Flashcards in Cranial Nerves - Medulla Deck (94):
What is Cranial Nerve XII?
Is CN XII Hypoglossal sensory or motor?
What does CN XII Hypoglossal supply?
both intrinsic and extrinsic muscles of the tongue
Where are the cell bodies of the LMN of CN XII Hypoglossal located?
Where is the Hypoglossal Nucleus located?
near the midline of the medulla (ventral to the central canal or 4th ventricle)
Where do the CN XII Hypoglossal LMN axons pass and in relation to what two structures?
The axons pass inferolateral next to the medial lemniscus and pyramid
Where do the CN XII Hypoglossal LMN axons exit the medulla?
as rootlets in the ventrolateral (preolivary) sulcus
What are UMN of CN XIII Hypoglossal known as?
Corticobulbar fibers (cortical control)
Where do CN XIII Hypoglossal UMN Corticobulbar fibers arise from?
tongue region of the precentral gyrus (Primary motor cortex)
Where do CN XIII Hypoglossal UMN Corticobulbar fibers descend
with the corticospinal tract to the medulla
What do most of the CN XIII Hypoglossal UMN Corticobulbar fibers do at the medulla and where do they synapse?
most of the fibers cross the midline and synapse in the contralateral hypoglossal nucleus.
Where does the hypoglossal nucleus receive indirect sensory information from and what type of info?
Solitary Nucleus (Taste)
Sensory Trigeminal Nuclei (bolus of food in oral cavity)
How does the hypoglossal nucleus receive indirect sensory information from the Solitary Nucleus and Sensory Trigeminal Nuclei?
by way of multisynaptic connections in the reticular formation
What is this reflex pathway of controlling the tongue involved in?
swallowing, suckling, and chewing
Clinically, what does a LMN lesion of the CN XIII Hypoglossal or nucleus result in?
paralysis and muscle wasting of both intrinsic and extrinsic muscles on the ipsilateral side.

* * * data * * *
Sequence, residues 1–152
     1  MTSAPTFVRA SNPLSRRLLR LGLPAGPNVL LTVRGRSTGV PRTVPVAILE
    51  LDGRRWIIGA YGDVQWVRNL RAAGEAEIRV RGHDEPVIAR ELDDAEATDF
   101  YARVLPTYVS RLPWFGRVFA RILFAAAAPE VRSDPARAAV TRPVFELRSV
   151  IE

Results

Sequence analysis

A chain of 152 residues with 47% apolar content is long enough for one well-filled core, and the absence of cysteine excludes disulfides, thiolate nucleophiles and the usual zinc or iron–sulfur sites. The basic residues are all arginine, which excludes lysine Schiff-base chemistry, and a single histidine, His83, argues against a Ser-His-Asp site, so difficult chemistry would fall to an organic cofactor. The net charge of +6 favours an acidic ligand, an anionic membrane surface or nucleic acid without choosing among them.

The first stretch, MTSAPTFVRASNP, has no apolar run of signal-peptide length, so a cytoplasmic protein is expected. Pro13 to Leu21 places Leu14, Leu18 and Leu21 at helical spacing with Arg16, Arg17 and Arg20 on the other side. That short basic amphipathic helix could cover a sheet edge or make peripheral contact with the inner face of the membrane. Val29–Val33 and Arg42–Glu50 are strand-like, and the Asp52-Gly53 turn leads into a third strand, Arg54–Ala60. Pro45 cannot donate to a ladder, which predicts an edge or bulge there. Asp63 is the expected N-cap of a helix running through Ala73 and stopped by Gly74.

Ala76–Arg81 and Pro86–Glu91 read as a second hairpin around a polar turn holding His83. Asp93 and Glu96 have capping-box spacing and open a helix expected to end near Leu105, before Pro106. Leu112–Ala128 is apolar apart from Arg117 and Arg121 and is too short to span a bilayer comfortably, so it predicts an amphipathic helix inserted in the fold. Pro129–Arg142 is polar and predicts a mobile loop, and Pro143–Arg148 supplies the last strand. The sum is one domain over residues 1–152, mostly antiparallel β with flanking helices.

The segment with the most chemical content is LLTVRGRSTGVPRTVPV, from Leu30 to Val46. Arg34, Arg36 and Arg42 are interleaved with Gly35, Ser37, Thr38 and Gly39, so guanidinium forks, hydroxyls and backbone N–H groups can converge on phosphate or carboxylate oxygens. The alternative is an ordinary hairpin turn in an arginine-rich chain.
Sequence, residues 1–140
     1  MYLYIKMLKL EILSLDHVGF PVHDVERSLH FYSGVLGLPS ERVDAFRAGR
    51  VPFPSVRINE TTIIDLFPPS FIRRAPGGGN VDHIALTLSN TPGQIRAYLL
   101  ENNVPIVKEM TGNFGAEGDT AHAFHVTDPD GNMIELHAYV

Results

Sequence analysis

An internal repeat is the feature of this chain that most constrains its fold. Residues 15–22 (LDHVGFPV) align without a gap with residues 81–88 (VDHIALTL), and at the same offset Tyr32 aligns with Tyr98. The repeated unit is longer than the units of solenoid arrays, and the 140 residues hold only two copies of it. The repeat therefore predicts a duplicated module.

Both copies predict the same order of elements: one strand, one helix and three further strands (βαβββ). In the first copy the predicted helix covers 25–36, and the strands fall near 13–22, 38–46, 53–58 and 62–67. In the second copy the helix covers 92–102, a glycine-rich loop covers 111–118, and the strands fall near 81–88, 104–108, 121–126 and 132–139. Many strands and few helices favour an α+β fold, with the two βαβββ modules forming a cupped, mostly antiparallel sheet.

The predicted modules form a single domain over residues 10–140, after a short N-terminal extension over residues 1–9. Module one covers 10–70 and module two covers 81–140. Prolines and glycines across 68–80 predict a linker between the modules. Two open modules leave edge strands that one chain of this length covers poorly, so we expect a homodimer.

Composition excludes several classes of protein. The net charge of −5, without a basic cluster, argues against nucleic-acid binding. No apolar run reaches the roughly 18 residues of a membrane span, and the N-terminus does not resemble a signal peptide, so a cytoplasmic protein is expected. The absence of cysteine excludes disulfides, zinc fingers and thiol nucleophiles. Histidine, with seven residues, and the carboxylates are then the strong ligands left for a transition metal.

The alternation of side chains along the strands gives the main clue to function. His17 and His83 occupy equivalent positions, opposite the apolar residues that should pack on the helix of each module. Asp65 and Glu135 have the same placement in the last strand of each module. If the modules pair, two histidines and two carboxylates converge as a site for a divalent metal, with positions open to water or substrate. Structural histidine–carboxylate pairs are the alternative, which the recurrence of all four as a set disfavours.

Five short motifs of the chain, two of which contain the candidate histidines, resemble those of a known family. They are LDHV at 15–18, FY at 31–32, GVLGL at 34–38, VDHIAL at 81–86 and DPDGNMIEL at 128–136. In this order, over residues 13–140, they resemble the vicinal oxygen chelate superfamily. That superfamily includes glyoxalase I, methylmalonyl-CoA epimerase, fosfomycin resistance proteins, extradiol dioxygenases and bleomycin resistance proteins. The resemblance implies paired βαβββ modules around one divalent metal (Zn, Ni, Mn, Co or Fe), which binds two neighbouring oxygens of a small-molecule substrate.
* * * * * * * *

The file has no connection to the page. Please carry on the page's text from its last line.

How does the tongue respond in a LMN lesion of CN XIII Hypoglossal?
upon protrusion of the tongue, it deviates toward the side of the lesion due to the unopposed action of the intact contralateral genioglossus muscle.
What will patients have difficulty with in a LMN lesion of the CN XIII Hypoglossal?
eating and speaking (dysarthria)
Clinically, what does a UMN lesion of the CN XIII Hypoglossal that occurs at a level prior to the crossing result in?
results in weakness of only the extrinsic muscles (primarily genioglossus) on the side contralteral to the site of the lesion.
Which way will the tongue deviate upon voluntary protrusion in a UMN lesion of the CN XIII Hypoglossal that occurs at a level prior to the crossing?
it deviates away from the side of the lesion due to the crossing fibers and unopposed action of the intact contralateral genioglossus muscle
A stroke of the paramedian branch of the anterior spinal artery may result in combinations of damage to the
-hypoglossal nerve fibers,
-the adjacent pyramid
-ventral trigeminothalamic tract
Would would be the result of a stroke of the paramedian branch of the anterior spinal artery - hypoglossal nerve fibers?
LMN symptoms involving the tongue
-paralysis and muscle wasting of both intrinsic and extrinsic muscles on the ipsilateral side
Would would be the result of a stroke of the paramedian branch of the anterior spinal artery - hypoglossal nerve fibers -the adjacent pyramid?
UMN symptoms involving the pyramid
Contralateral axial and appendicular musculature - Initial flaccid paralysis followed by: Abnormal cutaneous reflexes (Babinski sign), Abnormal reflexes: clonus, clasp knife), Spasticity – velocity dependent hypertonia, Abnormal timing of muscle activation (slower onset, prolonged contraction), Paresis or plegia (weakness)
(corticospinal fibers prior to decussating and forming the lateral corticospinal tract)
Would would be the result of a stroke of the paramedian branch of the anterior spinal artery - hypoglossal nerve fibers -medial lemniscus?
Loss of Contralateral Body Sense:
--Two Point Discriminative Touch
Would would be the result of a stroke of the paramedian branch of the anterior spinal artery -ventral trigeminothalamic tract?
Somatosensation of the Face by CN V Trigeminal Nerve
Contrallateral loss of Nociception and Thermal Sensation
Contralteral Touch (discriminative and light non-discriminative) and Conscious Proprioception should be preserved due to bilateral represetation via dorsal trigeminothalamic tract?
What is alternating hemiplegia?
Combination of lower and upper motor neuron signs that are demonstrated on opposite sides of the neuraaxis as seen with a stroke with the paramedian branch of anterior spinal artery.